Sunsest viewings in Bagan are about to get a new vantage point.
For years, tourists have been clambering on top of the ancient pagodas to catch the iconic sight, and the activity is regularly included as a “must do” on Myanmar tourism lists. But scurrying up the sides of the old relics can cause damage, Japanese International Cooperation Agency (JICA) Assistant Director U Han Nyunt said yesterday. To lessen the burden on the pagodas, JICA is hoping to arrange a viewing area next to Ko Mount Lake.
“Ko Mount Lake is in the centre of Bagan’s ancient heritage region and it is very convenient for watching the sunsets,” U Han Nyunt said.
To better enhance views from the lake, the bank, which now stands at 2 feet high, will be raised to 4 feet.
He added that allowing tourists to clamber on top of the archaeological sites “is not good for the pagodas in long term”.
Residents, the regional government and the Ancient Culture Department are all coming around to the idea of directing tourists to the lake in Phwar Saw West village, he said.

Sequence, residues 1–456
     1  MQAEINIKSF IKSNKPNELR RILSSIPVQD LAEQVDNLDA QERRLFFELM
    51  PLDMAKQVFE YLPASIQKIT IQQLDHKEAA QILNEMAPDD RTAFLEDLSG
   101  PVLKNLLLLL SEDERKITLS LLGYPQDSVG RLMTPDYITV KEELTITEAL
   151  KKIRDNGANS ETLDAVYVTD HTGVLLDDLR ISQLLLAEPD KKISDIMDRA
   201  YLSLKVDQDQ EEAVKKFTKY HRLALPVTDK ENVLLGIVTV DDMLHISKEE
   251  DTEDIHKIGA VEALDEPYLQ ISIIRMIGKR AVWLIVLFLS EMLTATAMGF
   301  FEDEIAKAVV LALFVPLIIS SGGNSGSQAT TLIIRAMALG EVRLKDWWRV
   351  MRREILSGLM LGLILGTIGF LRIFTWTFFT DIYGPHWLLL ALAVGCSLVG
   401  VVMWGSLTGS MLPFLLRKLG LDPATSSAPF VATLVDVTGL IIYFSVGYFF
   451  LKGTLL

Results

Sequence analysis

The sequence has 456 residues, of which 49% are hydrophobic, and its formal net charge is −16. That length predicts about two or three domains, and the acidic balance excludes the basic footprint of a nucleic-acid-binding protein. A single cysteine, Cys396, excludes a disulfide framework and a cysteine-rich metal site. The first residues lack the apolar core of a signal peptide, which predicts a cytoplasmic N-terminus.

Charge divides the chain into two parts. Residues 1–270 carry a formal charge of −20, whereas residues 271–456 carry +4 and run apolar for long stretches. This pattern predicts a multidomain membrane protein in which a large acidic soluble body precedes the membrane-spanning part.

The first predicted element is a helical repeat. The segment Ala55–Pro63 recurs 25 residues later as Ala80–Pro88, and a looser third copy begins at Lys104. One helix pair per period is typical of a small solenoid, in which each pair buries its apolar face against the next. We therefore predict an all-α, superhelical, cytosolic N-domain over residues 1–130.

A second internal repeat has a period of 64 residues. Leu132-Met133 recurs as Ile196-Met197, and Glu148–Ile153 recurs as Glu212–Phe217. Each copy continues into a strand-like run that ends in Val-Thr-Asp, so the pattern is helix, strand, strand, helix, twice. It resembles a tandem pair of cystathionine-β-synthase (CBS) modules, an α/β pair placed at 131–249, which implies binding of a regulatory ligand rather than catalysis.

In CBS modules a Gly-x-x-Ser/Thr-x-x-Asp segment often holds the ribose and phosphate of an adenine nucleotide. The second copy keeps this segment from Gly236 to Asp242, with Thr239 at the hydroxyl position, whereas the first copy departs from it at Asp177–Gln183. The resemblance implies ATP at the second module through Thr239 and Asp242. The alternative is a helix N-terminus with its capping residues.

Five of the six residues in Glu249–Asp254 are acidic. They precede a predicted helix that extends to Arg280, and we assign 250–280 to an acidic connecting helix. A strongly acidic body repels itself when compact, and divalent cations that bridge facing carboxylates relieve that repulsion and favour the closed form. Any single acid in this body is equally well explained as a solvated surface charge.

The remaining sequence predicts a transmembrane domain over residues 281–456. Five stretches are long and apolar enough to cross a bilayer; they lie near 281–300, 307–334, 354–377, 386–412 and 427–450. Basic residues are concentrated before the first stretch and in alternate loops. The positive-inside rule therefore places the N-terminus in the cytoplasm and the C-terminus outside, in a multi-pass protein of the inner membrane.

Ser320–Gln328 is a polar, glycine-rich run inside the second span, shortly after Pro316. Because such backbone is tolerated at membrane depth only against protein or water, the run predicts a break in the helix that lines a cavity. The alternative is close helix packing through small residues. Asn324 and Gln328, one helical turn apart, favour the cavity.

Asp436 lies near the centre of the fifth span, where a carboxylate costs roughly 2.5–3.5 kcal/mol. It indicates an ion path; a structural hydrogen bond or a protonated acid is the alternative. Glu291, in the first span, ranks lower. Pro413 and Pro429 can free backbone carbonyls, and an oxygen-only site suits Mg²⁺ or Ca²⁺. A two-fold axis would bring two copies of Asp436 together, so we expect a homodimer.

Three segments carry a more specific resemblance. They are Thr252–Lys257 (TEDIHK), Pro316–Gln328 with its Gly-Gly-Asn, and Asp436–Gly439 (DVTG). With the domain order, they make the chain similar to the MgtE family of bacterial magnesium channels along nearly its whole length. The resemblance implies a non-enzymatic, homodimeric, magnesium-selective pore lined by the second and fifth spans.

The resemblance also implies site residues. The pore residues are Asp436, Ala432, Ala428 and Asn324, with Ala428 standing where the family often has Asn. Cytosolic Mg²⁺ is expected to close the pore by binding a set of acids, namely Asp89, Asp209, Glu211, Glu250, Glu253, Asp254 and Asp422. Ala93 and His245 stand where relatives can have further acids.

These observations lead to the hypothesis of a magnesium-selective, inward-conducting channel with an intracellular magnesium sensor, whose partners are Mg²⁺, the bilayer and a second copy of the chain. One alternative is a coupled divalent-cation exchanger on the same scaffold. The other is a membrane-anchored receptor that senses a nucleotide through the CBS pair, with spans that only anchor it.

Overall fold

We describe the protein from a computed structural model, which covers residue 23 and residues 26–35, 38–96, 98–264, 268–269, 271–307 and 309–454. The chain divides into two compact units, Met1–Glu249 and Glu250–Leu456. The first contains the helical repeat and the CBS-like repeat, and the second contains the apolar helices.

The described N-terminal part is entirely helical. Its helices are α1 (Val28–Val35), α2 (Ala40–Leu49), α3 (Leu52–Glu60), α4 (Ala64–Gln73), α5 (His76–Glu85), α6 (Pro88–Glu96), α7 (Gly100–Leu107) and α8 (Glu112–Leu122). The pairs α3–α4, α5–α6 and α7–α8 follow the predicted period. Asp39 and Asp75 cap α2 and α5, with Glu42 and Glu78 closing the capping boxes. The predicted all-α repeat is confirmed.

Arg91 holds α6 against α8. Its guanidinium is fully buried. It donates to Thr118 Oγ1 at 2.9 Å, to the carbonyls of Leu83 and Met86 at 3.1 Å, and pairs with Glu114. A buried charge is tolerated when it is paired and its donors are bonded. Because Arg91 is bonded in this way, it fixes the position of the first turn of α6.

Previous attempts to curtail pagoda sunset viewing raised ire in the tourism industry. In February, the Ministry of Culture banned pagoda-based sunset viewings after a private company had conducted a show on top of a monument, which allegedly reflected poorly on Myanmar’s heritage. The prohibition was rolled back amid outrage from tourists and tourism operators.
The viewing-area proposal has regaining traction following the damage imparted by last month’s earthquake. Centred in nearby Chauk township, the 6.8-magnitude quake damaged nearly 400 pagodas. Government officials have estimated restoration work could take one year.
The proposal will be submitted to the government in the next month and, if permission is granted, the project will be completed in two months – before the end of the year.
“So, next tourist season, locals and foreign travellers will be able to take in the view from the bank,” U Han Nyunt said.
Project expenses will be covered by the Japanese government.
“If we watch the sunset from the bank, it protects the strength of pagodas and provides advantages for residents,” said U Aung Aung Kyaw, director of the Department of Archaeology, National Museum and Library in Bagan. “The travellers can buy handicrafts from the residents. Mainly, we must keep the bank of the lake clean.”
Translation by Khine Thazin Han